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Institutional benchmarking of foreign aid effectiveness in Africa

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  • Simplice A, Asongu

Abstract

This paper integrates two main strands of the aid-development nexus in providing additional information as to why institutional benchmarks (thresholds) matter for the effectiveness of aid in institutional development. Using seven government-quality dynamics (rule of law, regulation quality, government-effectiveness, political-stability, voice & accountability, corruption-control and democracy), we provide a thorough assessment of the aid-development nexus when existing institutional development levels matter. Results which are consistent across specifications and conditional distributions of institutional variables have three broad implications (with respect to three tested hypotheses). (1) Institutional benefits of foreign-aid are contingent on existing institutional levels in Africa. (2) But for a thin exception, foreign-aid is instrumental in institutional development for countries with low levels of institutional quality. (3) Institutional quality benefits of development assistance are questionable in countries with high levels of institutional development. As a policy implication, blanket policies based on the aid-development nexus are unlikely to be appropriate; therefore policy measures should be contingent on prevailing levels of institutional development and tailored differently across best and worst countries in terms of institutional development.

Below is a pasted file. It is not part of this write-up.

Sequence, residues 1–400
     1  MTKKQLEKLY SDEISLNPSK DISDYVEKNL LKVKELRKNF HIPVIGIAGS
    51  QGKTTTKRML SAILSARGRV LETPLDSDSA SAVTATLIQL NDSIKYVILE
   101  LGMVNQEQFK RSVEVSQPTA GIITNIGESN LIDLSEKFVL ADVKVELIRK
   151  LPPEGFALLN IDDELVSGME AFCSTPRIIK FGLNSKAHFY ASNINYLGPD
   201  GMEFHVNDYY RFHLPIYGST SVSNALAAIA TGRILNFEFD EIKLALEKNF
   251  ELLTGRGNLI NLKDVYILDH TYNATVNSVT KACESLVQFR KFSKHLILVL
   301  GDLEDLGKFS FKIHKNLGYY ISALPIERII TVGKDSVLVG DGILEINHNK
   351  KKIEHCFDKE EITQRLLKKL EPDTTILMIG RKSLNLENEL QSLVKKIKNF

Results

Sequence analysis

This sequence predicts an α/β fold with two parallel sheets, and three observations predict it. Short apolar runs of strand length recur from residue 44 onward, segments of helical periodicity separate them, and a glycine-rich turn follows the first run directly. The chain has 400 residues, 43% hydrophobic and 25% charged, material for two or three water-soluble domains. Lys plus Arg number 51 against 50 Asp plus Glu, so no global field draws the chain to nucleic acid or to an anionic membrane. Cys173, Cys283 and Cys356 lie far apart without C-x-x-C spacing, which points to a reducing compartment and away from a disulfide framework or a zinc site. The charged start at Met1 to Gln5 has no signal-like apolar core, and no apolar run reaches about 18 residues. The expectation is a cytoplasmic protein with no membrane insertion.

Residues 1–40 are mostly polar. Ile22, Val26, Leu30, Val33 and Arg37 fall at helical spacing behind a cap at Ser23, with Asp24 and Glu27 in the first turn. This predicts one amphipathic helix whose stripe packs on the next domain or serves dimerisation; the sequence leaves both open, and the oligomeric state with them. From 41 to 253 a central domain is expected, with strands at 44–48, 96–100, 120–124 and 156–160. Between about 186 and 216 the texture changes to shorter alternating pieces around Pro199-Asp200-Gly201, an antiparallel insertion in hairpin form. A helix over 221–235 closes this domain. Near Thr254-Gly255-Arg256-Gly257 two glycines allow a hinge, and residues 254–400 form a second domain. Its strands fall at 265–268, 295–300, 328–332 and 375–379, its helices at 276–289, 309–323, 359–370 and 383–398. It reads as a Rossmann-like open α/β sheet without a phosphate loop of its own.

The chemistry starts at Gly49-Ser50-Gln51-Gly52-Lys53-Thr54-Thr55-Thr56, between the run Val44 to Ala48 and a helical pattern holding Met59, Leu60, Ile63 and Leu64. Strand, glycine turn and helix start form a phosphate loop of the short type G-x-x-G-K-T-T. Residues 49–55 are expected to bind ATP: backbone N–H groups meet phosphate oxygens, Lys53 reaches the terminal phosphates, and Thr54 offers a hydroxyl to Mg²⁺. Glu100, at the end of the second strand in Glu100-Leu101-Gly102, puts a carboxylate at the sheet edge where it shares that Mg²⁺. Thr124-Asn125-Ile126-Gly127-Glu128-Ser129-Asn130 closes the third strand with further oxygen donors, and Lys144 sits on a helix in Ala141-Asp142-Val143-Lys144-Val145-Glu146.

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Bibliographic Info

Paper provided by University Library of Munich, Germany in its series MPRA Paper with number 38095.

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Date of creation: 13 Apr 2012
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Handle: RePEc:pra:mprapa:38095

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Keywords: Foreign Aid; Political Economy; Development; Africa;

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Cited by:
  1. Simplice A, Asongu & Oasis, Kodila-Tedika, 2013. "State fragility, rent seeking and lobbying: evidence from African data," MPRA Paper 44066, University Library of Munich, Germany.

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